Building BuzzBy Zachary Evans

Getting people excited about a product before they even try it is something marketers have tried to master since the dawn of advertising.

This can take on many different forms, from targeted advertisements to a product’s actual packaging.

Regardless of how it’s done, if a brand can convince someone to purchase their product before they get their hands on it, they have set themselves up for more immediate success than if people only made that choice later.

Recently, nothing has demonstrated this better than the marketing efforts surrounding Star Wars: The Force Awakens, which is especially remarkable considering the film still does not come out for another two weeks.

Star Wars benefits from a level of hype built in that other brands do not. However, this hasn’t stopped Disney from employing incredibly smart tactics, especially with the way they have used the film’s three trailers leading up to pre-sale tickets becoming available, to build this buzz even more.

A Presence I’ve Not Felt Since…

Whenever there is buzz around something, people are inherently talking about it. Though cliched, this is why the old adage of “conversations around the water cooler” is still an incredibly important factor to look at in any marketing effort.

Today, the water cooler has moved online, and has therefore grown in scope exponentially. With each Star Wars trailer released, we can see how Disney has very intentionally built the buzz leading up to the film’s release by steering conversation.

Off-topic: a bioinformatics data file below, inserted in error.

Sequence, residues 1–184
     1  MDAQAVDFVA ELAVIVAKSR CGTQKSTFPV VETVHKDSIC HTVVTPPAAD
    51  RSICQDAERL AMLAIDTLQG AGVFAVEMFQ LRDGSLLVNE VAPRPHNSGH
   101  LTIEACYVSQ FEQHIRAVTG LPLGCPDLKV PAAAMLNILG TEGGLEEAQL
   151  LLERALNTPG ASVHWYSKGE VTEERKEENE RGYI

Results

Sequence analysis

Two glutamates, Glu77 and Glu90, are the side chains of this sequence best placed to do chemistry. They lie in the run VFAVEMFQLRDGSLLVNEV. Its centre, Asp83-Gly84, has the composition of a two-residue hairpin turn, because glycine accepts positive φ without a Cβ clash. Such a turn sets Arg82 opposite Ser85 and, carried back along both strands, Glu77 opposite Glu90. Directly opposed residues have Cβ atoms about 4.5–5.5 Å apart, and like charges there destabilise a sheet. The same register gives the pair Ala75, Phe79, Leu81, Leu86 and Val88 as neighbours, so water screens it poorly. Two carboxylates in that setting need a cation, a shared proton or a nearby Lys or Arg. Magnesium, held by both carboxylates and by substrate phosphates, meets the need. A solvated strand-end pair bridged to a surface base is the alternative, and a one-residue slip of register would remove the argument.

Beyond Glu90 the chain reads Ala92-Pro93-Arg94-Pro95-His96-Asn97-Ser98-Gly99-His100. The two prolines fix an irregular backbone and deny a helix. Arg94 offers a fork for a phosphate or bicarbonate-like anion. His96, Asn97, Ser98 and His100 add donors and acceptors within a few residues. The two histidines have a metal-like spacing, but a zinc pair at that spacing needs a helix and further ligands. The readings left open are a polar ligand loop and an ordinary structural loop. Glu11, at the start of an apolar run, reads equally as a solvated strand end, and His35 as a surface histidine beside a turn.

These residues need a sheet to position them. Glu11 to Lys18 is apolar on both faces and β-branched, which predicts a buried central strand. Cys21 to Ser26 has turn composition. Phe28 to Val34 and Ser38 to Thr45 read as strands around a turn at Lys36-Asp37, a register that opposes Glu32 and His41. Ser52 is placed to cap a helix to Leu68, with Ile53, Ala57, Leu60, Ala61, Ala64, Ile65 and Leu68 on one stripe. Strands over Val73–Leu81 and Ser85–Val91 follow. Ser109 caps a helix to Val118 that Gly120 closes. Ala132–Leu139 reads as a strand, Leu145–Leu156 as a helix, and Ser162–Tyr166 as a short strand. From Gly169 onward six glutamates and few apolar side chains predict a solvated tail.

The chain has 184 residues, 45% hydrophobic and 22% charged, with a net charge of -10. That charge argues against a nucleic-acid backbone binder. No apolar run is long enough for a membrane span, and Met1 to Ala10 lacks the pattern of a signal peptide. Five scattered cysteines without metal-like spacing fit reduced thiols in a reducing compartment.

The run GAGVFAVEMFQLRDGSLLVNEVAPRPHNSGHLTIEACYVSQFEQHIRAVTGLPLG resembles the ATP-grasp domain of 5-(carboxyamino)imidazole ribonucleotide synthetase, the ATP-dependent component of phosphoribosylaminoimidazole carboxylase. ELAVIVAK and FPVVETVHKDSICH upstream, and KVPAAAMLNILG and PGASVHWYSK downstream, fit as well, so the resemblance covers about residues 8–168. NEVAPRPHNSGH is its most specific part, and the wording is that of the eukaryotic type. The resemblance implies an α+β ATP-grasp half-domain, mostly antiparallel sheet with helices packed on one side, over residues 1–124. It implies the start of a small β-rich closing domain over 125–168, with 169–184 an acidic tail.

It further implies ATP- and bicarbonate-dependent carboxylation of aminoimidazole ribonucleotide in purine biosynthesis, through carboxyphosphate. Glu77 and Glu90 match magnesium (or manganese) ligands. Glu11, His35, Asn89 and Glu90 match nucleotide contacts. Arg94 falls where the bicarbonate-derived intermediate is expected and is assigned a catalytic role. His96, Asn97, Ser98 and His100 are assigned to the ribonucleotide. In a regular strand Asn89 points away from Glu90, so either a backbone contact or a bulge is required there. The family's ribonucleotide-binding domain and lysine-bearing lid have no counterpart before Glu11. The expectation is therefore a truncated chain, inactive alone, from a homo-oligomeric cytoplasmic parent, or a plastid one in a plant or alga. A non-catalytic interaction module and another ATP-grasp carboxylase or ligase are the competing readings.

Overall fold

One of the largest failures of the Star Wars Prequel Trilogy came from its abandonment of the familiar elements of the original films. When it came to Episode VII, it was clear very quickly that Disney and JJ Abrams wanted to avoid this mistake by heavily emphasizing a return to things such as practical sets, as well as actors reprising their roles from the original trilogy.

The way this has been done through the trailers is incredibly important to why Disney has been so successful in building excitement for The Force Awakens,

The first trailer doesn’t actually show any of the characters returning from the original trilogy, but it still manages to leverage the original trilogy by using familiar looking imagery.

In the second trailer, they build on this idea by showing small glimpses of returning characters as Luke Skywalker narrates before concluding the trailer with an insanely satisfying reveal of Han Solo and Chewbacca.

It would have been incredibly easy for Disney to push focus their marketing campaigns around the return of the old aspects of Star Wars, and it would have been successful. People would have seen these trailers and flocked to the theaters to see their favorite characters return to the big screen, but it wouldn’t have been either an accurate way to sell the film, nor be of any benefit to the plan to continue the franchise past Episode VII.

Instead, they show small glimpses of these returning elements, allowing these trailers to take fans’ excitement about the return of these classic elements and used them to fuel that for the new ones.